Personal Opinion and the Politician
Thank God a politician is proving he’s actually capable of independent thought. Why is everyone so horrified at the idea that Jeremy Hunt has personal opinions? The concern seems to be that because he is in a position of power, he might pass a law on abortion that he finds acceptable but that isn’t in the public interest. But the Prime Minister has clearly stated that the government does not plan to change the abortion law, proving that expressing one’s opinion is not the same as effecting a change.
Some people find it worrying that the Conservative team aren’t all ‘on message’ since it might lead to confused policies; but personally I find it refreshing. It is inevitable that we won’t all agree on everything. Party politics is problematic for me as it forces people to support policies they disagree with just because a whip tells them to. Outside of politics, it is rare for two people to agree on everything: this is what makes conversations stimulating. Rather than shunning different opinions, I seek to enrich my understanding of issues by understanding other people’s views. Politicians have to represent millions of people so I would hope that they were able to digest and understand opinions that clashed with their own, rather than simply acknowledging them superficially.
Politics has become so sanitised, so politically correct, that it fails to communicate with the very people it’s supposed to help. It is performed in a language that is utterly bewildering for the uninitiated. When politicians churn out meaningless, manufactured phrases that have been agonised over by speech-writers, it’s obvious. They might think they can slip pre-packed catchphrases past us, but it’s glaringly obvious when they are reading from a script rather than expressing what they truly believe. Political conferences are like watching re-runs of ‘Catchphrase’; I’d rather they were feisty arguments littered with a censor’s bleeps because the politicians felt so passionately about the rights of their constituents. At least then we would know what we were really voting for, rather than being tricked into voting for a politician who pretended to believe what he thought we wanted him to.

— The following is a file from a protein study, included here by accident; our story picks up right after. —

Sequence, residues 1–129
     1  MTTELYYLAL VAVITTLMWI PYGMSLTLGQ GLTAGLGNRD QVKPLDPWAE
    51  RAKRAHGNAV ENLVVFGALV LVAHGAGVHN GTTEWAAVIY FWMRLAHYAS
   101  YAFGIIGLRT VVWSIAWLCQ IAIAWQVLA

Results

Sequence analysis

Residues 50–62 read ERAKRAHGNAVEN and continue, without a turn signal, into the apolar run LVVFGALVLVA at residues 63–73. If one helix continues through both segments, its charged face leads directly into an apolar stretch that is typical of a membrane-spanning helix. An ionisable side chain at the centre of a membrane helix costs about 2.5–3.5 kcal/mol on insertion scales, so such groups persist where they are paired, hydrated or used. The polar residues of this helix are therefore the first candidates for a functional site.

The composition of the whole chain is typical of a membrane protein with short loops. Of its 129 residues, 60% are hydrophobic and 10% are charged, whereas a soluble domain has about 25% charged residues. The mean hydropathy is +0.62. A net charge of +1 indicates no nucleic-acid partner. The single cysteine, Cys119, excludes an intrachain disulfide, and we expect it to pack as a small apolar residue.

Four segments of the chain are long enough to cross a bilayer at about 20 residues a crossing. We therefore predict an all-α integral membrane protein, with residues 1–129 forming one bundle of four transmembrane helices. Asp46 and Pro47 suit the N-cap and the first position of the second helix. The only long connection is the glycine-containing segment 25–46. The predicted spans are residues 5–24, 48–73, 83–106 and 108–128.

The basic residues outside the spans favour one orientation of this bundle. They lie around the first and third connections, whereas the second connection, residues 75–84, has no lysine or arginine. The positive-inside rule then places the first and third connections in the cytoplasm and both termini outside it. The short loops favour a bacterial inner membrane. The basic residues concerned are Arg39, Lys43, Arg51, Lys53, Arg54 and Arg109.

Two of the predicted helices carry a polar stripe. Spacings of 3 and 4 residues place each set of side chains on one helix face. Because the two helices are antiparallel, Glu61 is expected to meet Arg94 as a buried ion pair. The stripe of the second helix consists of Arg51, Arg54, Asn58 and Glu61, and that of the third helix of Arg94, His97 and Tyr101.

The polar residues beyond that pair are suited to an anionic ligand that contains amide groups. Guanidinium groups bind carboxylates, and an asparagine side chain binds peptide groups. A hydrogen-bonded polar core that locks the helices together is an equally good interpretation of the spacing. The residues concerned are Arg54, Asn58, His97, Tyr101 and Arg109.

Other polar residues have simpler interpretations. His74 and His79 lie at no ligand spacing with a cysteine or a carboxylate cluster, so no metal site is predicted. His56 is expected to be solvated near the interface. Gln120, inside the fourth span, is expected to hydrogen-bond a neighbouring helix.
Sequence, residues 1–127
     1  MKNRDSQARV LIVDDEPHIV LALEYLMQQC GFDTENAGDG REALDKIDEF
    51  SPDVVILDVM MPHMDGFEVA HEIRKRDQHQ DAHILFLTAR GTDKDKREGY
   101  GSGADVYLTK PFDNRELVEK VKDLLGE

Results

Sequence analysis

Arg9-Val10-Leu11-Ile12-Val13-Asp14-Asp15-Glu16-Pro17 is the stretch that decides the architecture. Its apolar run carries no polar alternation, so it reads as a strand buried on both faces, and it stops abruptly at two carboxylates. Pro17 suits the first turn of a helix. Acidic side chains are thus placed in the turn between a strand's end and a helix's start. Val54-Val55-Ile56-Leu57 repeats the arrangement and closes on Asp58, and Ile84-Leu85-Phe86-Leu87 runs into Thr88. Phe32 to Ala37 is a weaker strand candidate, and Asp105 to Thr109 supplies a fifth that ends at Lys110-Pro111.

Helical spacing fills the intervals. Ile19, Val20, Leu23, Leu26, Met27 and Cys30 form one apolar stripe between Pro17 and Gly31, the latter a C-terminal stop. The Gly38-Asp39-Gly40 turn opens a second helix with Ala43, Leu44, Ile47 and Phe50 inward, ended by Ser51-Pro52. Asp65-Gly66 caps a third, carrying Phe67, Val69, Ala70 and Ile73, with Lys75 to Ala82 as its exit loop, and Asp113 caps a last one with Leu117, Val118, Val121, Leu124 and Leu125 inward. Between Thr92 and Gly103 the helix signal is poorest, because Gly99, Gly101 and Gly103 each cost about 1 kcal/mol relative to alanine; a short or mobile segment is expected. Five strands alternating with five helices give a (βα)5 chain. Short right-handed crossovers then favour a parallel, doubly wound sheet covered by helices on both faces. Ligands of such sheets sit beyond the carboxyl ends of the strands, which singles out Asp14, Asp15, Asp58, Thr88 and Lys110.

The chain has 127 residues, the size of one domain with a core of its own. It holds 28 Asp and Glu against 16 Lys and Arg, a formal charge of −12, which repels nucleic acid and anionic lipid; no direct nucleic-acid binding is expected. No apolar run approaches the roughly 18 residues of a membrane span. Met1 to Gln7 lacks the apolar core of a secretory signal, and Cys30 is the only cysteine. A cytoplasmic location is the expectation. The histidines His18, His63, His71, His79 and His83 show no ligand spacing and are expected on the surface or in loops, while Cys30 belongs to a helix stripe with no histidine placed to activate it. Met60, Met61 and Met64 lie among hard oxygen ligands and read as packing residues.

I find Ed Miliband’s brain-washing incantations more sinister than Hunt’s direct expression of genuine opinion. Like Ed, I went to a comprehensive, and if I learnt anything there, it was that it just isn’t cool to express your own opinion. It is best to blend in with the crowd and resign yourself to dissatisfaction and injustice than to challenge the opinions of the majority. Real comprehensives (not the kind the Milibands were lucky enough to attend) all suffer from trying to cater for too many people, so they tend towards mediocrity. I wouldn’t trust a man who was educated in such an environment over someone who’d been brought up to assert their individuality, which independent schools seem to foster. If you ask me, Ed’s speech last week makes him seem more susceptible to agreeing with what his speech-writers tell him will make him look cooler.
Miliband’s unrealistic idea for a ‘one nation’ future is achingly saccharine and homogenous. Against such blandness, Jeremy Hunt’s comment that he would personally favour a reduction of the abortion limit represents a rare glimmer of hope. It shows that underneath all the jargon and image-preening, Hunt is actually a sentient being capable of forming his own opinions based on his evaluation of the evidence. It means that we can relax in the knowledge that we aren’t being led by a group of what the Americans appropriately call pacifiers. Like babies, the plebs scream and shout a bit; like exasperated parents, the politicians don’t really understand our language, but they give us what they think we want. Whether or not we get what we want, we shut up and they can get on with their more important jobs.
Jeremy Hunt’s opinion may not be one we all agree with. That’s inevitable. Equally, we might not all agree with the PM’s claim that no changes are planned. But if we castigate politicians for expressing opinions, we will force them back into the Whitehall where they can make decisions without bothering to consult us. I don’t want government to become any more like a cuckoo clock than it already is, with politicians only popping out once every so often to tell us something that’s already been decided.
A personal opinion should not be marginalised by government- surely that is the point of democracy. It doesn’t mean that we should expect changes to be effected that suit us, but at least we should be listened to and made to feel like our opinions count. If even a government minister cannot speak his mind truthfully, what hope is there for the rest of us? When the government instantly responds to your opinion by telling you that it will have no impact on their stance on the issue, then you might start to resent them a little. This must be particularly embarrassing for Mr Hunt.
BY: Kirstin Fairnie